Asthmatics could be liable for up to £152 a week from the government.

Those with breathing issues that affect their daily lives are being encouraged to look into Personal Independence Payments (PIPs), Chronicle Live reports. The PIP is paid every four weeks and can amount to between £97.80 and £627.60 per payment period.

Recent figures from the Department for Work and Pensions (DWP) revealed that almost 2.9 million people across the UK were applying for help through the PIP at the end of January 2022. These data also revealed that slightly more one in three applicants (35%) received the highest level of reward.

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The new data also indicates an increase in the number of people currently receiving assistance for 24 types of respiratory diseases, including asthma, cystic fibrosis, sleep apnea, chronic bronchitis, emphysema and pneumonia.

the Manchester Evening News also reports that January saw the total number of UK-wide claimants for these types of conditions rise to 128,316, an increase of 1,661 from the end of October (126,655).

UK distribution of PIP claimants with respiratory problems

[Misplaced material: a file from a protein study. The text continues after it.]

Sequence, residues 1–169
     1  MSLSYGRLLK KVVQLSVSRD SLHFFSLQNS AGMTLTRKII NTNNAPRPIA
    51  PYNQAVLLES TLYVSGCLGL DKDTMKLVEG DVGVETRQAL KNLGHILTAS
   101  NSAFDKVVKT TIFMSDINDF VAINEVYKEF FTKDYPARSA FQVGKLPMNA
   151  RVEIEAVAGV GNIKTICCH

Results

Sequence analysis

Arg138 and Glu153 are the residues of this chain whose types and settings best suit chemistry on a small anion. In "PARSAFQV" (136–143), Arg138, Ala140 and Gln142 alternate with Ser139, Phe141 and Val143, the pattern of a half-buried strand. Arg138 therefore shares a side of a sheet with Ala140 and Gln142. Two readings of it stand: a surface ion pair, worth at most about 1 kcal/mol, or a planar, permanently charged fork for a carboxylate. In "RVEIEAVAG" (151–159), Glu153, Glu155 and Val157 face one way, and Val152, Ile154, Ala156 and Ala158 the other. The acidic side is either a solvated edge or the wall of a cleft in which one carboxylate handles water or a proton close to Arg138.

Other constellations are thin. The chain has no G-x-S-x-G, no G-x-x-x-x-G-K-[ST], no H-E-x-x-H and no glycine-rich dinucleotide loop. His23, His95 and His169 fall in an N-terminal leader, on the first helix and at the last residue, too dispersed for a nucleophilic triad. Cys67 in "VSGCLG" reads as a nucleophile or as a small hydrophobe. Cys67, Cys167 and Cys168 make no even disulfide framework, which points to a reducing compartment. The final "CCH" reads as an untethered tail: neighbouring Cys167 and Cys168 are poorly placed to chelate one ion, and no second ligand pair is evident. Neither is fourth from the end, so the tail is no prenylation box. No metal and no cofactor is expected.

• Scotland: 16,549
  • England: 103,210
  • Wales: 8,561

Here is the list of 24 respiratory conditions supported by PIP to help with daily living, mobility needs or a combination of the two components. Assessment assignment rates vary by disabling condition, and a PIP applicant’s primary disabling condition is recorded at their evaluation in more than 99% of cases, reports the DWP.

Upper respiratory diseases

  • Sleep apnea – obstructive
  • Upper respiratory tract – Other diseases of / type unknown

Chronic obstructive pulmonary disease

  • Chronic Obstructive Pulmonary Disease (COPD)
  • chronic bronchitis
  • Emphysema

Bronchiectasis

Cystic fibrosis

Asthma

Pulmonary fibrosis

  • Extrinsic allergic alveolitis
  • Fibrosing alveolitis
  • Pulmonary fibrosis – Other / unknown type

Pneumoconiosis

  • Asbestosis
  • Pneumoconiosis – charcoal burners
  • Pneumoconiosis – Other / unknown type
  • Silicosis

Granulomatous pneumonitis and pulmonary infiltration

  • Granulomatous pneumonia and pulmonary infiltration – Other / unknown type
  • Sarcoidosis

Disease of the pleura

  • Empyema
  • Pleura – Other diseases of/unknown type
  • Pleural effusion
  • Pneumothorax

Lung transplant

Heart and Lung Transplantation

Pulmonary embolism

Pneumonia

Lower respiratory tract – Other diseases of / type unknown

If you are over 16 and under state retirement age, you may be able to apply for PIP to help with a respiratory condition, and if your ability to work is limited in because of your symptoms, you may be eligible for a ‘new style’ Employment and Support Benefit. (ESA).

What is PIP?

The PIP is a benefit that is gradually replacing the Disability Living Allowance (DLA).

If you need extra help because of an illness, disability, or mental health issue, you may be eligible for PIP.